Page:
As an international development nonprofit organization, Water For People works with local partners to develop innovative and long-lasting solutions to water, sanitation and hygiene problems so that everyone in the developing world has access to these services. We call this approach "Everyone, Forever." When we say Everyone, we mean every family, every school and every clinic in a defined geographic region — like a district or a municipality — has access to improved water supply. Even the hardest to reach, the poorest and most isolated must have these basic services for everyone to stay healthy and for economic development to occur.

 

The name also means everyone participates. We work closely with local governments to build capacity and activate funds that have been set aside for water and sanitation. We never fully fund the program and instead leverage our donor dollars with local funds from the government and community so that everyone pays. We believe that communities must understand the importance of paying because inevitably the system will break down and need repair, so monies are put aside for repair and maintenance or even replacement. Our goal is to make sure that the community or district is independent and never needs aid from another nongovernmental organization again.

 

The forever piece is what sets Water For People apart. Most organizations consider a project complete once the infrastructure is in place. For us, this is where the project begins. We work to ensure that communities and local institutions address all the challenges of water-system management — monitoring, operation and maintenance, and capital replacement. We train and incubate water and sanitation businesses so that the private sector is another arm to providing infrastructure support. And for each of our regions, we make a commitment to monitor our work well into the future, not counting any project as truly sustainable until it has lasted to the 10-year mark.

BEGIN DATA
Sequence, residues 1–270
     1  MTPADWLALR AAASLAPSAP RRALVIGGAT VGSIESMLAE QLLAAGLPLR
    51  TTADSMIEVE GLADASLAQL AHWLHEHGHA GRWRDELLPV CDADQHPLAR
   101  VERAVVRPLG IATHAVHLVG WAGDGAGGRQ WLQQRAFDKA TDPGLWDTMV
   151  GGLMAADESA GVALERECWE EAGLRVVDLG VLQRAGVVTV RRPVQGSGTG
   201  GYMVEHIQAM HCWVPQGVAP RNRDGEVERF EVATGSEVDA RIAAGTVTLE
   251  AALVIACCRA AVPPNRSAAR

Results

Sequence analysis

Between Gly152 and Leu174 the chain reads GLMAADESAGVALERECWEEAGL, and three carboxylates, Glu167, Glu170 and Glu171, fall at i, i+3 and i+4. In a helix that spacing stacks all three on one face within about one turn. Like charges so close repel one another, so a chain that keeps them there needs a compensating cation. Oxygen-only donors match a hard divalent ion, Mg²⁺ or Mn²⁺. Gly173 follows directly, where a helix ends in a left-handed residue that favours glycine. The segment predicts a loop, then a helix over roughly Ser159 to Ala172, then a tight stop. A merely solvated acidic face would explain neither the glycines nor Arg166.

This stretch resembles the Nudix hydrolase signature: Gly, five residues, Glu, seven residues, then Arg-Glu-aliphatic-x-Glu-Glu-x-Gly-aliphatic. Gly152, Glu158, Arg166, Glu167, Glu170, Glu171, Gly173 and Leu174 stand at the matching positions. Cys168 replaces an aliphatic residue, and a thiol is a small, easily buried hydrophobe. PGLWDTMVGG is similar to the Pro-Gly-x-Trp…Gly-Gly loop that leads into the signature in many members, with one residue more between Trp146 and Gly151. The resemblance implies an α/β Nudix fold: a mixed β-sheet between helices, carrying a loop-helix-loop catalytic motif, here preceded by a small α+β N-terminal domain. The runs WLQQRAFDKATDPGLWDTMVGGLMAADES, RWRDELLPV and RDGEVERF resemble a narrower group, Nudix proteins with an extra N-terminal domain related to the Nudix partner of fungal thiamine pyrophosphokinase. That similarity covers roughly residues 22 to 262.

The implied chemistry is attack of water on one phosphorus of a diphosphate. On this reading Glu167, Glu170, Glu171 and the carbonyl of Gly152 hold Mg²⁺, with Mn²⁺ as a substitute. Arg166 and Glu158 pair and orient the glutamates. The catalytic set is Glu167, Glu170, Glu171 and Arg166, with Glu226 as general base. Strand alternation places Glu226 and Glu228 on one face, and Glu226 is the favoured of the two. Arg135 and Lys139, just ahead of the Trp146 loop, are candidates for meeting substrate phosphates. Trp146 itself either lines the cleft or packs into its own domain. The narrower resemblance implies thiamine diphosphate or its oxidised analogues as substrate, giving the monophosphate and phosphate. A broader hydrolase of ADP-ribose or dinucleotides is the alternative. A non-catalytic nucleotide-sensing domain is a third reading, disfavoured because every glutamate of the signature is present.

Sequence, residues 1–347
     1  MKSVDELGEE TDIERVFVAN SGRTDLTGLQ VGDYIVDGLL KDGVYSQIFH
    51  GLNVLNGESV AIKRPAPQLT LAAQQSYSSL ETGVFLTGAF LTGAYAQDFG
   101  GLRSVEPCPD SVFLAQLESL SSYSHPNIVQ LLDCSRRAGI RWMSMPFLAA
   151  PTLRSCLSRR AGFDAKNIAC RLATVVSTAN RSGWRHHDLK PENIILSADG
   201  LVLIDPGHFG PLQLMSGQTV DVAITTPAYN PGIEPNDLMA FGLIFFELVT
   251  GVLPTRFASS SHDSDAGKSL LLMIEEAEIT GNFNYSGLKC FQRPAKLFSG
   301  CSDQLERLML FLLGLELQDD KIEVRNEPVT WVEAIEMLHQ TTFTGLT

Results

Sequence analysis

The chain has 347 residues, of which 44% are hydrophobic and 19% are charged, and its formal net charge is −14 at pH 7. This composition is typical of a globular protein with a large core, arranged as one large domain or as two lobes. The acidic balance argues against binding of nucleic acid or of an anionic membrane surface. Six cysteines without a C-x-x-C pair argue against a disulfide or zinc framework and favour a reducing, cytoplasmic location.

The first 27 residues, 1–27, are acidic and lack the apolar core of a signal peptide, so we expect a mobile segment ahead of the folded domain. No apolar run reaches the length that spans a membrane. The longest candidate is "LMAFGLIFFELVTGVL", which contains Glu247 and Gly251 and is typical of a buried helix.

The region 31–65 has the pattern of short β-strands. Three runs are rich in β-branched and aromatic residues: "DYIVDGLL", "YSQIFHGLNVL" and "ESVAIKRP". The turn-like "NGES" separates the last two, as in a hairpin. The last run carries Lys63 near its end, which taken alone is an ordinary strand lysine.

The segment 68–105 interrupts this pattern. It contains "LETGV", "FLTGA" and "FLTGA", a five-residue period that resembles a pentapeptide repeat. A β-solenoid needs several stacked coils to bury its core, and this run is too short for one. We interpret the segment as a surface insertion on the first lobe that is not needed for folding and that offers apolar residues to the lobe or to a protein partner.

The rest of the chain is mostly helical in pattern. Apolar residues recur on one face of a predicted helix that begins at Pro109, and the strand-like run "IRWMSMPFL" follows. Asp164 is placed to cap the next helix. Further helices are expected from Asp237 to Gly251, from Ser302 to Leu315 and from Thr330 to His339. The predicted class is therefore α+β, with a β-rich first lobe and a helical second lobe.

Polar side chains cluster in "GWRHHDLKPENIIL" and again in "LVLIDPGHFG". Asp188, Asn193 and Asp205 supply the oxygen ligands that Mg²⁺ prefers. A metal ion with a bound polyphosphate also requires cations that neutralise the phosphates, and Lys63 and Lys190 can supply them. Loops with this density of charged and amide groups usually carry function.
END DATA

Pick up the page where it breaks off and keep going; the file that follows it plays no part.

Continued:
Given the sheer size of the global water and sanitation problem, Water For People understands that we cannot tackle this problem alone, but we can have a global impact through influence by helping to shape the standards and practices of the developing world — and you can be part of this!  Please join us for WFP’s Blues Bash at WEFTEC 2013 in Chicago on Oct. 7, or visit www.waterforpeople.org and show your support!

 

 

Posted by Jonathan Byus at 09/20/2013 11:01:08 AM | 


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Monica LaBiche BrownMonica LaBiche Brown joined Water For People in 2006 and currently serves as the deputy director of resource development. She has more than 10 years of experience generating revenue and increasing the base of support for national and international nonprofit organizations. Her experience includes four years at Mercy Housing, a national affordable housing nonprofit, and 12 years at the World Bank, an international financial institution whose mission is to fight poverty by providing loans to developing countries for capital programs.

A native of Mahé, Seychelles, Monica grew up in Uganda and moved to the United States when she was 17. This upbringing has had a strong influence on her passion for development work. She has a master’s degree in Organizational Management from Regis University and a bachelor’s degree in Sociology from Spelman College.